Anonymous said...

Answer: the same editors who made the decision to smear the lacrosse players in late March and refer to the accuser as the "victim."

ed said...

Hmmmm.

@ KC Johnson

Frankly this case makes me reconsider my previous beliefs when it came to prosecutors. Previously I was willing to put doubts about criminal cases on the side of the prosecution. My thinking was that prosecutors wouldn't, couldn't, bring charges without significant proof and they wouldn't violate the most elementary of ethics in abusing their public powers.

But this has really opened my eyes.

Perhaps you've been thinking of what to blog about in the future? After this case has been resolved?

I think what's needed is a blog or series of interconnected blogs that discuss and cover prosecutions in this country. Particularly wrongful or problematic prosecutions that wouldn't otherwise get the airtime they deserve.

It's something to consider.

Anonymous said...

My grandfather had a say, "you never know how long a snake is until he's dead and you stretch him out". Tuesday, we stretch him out.

Anonymous said...

I have read this board and some of the others with a fair amount of surprise at the astonishment many of the posters express about Nifong wanting to try this case because of a divided community.

What do all of you think is the ultimate result is of all of the diversity re-education we have all been receiving over the past 15 to 20 years? Blacks are victims and whites are they perpetrators. Its time for role reversal, and blacks will use the legal system to carry it out. People like Nifong are merely using this tribalism to maintain their pettycrat positions. Consider them Vichy.

I love the whites like Nifong and the gaggle of 88 who think they couldn't be the targets of some "social justice" that is being carried out here. No, the tables can and will be turned on these people too once the power sharing is equal. Remember, the crime is being white. Those who are members of the gaggle of 88 are just as guilty of being white and benefitting from all of the subtle advantages that whites enjoy that the lax players are.

They'll be next. For anyone who's interested, you should have a look at what happened the the South Africans who advocated for the end of aparthied with the blacks. They thought they would be safe since they had done the just thing. Hmmm, think again.

Anonymous said...

I think most here realize why Nifong is doing what he is doing. The astonishment comes from him flat out admitting it to the public, and getting away with it.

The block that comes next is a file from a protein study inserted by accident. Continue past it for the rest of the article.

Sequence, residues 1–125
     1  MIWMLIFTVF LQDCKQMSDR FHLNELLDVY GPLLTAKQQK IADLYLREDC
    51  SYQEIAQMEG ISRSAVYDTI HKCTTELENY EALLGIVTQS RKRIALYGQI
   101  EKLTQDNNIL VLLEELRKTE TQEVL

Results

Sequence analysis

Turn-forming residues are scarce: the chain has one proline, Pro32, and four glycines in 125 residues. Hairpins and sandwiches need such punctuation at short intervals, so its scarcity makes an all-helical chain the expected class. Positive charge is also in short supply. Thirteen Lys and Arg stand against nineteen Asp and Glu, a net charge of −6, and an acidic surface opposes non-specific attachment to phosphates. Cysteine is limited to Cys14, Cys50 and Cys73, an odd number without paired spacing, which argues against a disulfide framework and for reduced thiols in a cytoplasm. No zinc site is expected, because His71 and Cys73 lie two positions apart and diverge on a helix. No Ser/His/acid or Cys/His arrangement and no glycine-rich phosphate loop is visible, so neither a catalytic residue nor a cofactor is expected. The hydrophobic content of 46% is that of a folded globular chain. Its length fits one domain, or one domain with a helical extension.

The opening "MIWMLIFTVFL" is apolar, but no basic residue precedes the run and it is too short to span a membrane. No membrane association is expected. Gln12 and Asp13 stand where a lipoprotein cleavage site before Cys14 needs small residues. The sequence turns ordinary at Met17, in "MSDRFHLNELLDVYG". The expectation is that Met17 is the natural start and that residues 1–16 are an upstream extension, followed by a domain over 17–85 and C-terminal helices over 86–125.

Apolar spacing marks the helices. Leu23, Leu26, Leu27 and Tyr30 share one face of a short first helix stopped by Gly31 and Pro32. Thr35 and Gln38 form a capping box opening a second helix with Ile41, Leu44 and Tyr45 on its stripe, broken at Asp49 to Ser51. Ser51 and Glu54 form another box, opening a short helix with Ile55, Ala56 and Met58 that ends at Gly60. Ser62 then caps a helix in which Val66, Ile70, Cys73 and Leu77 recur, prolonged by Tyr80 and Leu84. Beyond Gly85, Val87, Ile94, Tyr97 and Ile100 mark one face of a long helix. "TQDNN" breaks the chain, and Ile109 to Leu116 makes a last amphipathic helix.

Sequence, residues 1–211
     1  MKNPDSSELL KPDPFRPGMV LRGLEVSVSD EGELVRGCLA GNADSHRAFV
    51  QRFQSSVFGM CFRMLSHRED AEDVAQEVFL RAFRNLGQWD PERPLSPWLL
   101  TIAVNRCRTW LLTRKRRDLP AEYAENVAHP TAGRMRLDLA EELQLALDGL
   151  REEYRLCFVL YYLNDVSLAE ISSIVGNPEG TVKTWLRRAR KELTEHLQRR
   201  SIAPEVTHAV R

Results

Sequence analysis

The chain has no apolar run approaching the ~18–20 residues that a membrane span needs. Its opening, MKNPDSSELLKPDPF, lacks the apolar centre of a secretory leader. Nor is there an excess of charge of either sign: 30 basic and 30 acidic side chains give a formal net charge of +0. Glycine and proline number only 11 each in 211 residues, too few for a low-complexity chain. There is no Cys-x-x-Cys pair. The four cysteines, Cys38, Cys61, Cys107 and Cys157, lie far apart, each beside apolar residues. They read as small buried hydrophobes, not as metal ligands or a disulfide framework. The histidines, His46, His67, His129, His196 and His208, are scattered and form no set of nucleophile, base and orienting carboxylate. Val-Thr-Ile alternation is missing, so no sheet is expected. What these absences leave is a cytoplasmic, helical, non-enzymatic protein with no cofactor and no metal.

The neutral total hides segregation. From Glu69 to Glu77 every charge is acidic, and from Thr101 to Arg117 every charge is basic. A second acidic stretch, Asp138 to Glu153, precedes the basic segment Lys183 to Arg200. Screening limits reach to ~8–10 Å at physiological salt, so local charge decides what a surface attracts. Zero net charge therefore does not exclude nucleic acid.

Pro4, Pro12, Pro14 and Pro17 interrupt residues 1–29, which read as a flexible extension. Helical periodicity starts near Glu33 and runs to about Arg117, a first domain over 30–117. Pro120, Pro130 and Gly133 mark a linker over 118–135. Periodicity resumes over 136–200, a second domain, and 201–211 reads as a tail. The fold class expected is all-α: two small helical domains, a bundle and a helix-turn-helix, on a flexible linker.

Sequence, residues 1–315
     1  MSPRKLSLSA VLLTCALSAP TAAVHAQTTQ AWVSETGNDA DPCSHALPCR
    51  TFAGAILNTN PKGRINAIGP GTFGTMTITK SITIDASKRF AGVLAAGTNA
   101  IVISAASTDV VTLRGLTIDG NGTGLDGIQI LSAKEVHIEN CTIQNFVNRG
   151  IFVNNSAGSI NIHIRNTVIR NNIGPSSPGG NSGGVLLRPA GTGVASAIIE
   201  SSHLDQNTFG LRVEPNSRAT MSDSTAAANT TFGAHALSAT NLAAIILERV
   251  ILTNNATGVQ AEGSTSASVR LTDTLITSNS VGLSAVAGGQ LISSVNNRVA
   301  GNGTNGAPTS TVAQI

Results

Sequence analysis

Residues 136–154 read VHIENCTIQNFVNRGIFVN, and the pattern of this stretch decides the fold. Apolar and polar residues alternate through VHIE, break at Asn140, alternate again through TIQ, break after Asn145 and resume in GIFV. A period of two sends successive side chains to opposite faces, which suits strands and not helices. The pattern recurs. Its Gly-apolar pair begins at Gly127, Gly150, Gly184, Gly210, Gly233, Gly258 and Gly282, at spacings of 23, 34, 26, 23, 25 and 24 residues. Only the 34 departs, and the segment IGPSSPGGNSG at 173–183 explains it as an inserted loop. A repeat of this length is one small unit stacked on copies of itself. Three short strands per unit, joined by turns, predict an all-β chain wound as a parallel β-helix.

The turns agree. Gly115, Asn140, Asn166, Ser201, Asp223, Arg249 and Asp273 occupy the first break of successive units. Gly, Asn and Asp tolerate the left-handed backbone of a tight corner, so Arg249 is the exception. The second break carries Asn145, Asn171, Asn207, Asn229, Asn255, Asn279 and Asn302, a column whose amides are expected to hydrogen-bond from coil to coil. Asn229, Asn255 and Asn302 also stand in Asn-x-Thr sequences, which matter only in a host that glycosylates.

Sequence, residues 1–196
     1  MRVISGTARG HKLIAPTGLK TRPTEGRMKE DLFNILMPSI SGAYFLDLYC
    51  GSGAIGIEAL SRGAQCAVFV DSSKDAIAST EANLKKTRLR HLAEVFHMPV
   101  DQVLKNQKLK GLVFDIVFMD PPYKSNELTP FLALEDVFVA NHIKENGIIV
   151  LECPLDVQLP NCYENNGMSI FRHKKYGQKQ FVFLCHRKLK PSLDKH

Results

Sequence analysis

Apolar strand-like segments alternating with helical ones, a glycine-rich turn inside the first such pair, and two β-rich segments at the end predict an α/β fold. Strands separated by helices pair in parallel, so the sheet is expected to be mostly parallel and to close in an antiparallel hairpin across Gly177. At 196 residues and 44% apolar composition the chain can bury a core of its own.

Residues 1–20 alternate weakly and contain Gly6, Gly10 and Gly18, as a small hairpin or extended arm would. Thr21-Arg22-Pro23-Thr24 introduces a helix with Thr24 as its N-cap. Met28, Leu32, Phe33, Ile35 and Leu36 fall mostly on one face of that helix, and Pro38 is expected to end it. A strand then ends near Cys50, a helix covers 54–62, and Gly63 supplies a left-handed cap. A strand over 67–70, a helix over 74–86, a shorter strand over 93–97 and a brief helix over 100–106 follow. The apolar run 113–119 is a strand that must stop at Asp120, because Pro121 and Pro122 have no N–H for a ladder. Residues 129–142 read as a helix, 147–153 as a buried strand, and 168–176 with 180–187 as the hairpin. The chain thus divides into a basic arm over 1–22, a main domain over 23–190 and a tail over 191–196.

KC Johnson said...

I agree with the 11.27. Nifong's admission gives a sense of just how above the law he considers himself.

Anonymous said...

What I mean is I expected Nifong to at least pretend he has some evidence to take this case to trial, but it appears he stopped pretending that, and flat out admitted he thinks it should be tried because of controversy in the community, and issues.

Anonymous said...

Is there any consequence for the attorney general of North Carolina for failing to exercise his duties in this case?

KC Johnson said...

Unfortunately, no.

Anonymous said...

Is the attorney general subject to impeachment proceedings? Such an effort might his get his attention.

Anonymous said...

To anonymous at 6:00 pm:
Just to clarify, juries are indeed "factfinders"--that is their role in the legal system. The prosecution presents evidence, the defense presents evidence, and the jury decides guilt or innocence based on what they determine, from the evidence they have heard and their judgments of witness credibility, to be the facts.
However, in a well-run and fair system, the police and prosecutors would take responsibility for developing the facts and evidence as completely as possible before indicting and trying suspects. A prosecutor who hasn't found enough credible evidence to support a jury verdict would exercise his/her discretion not to pursue the case (or to drop it once brought). If such a case gets to court, a judge may still take the case out of the jury's hands by ruling that there is insufficient evidence to support a guilty verdict even if all of the prosecution's evidence is accepted as true (though many judges don't like to do this, as it leaves them vulnerable to reversal, while a jury acquittal would dispose of the case permanently). So the issue is not that juries aren't appropriately fact finders, but whether there is enough of a case to go to a jury at all; if there's not, it is a dodge and miscarriage of justice to claim the case needs to go to a jury.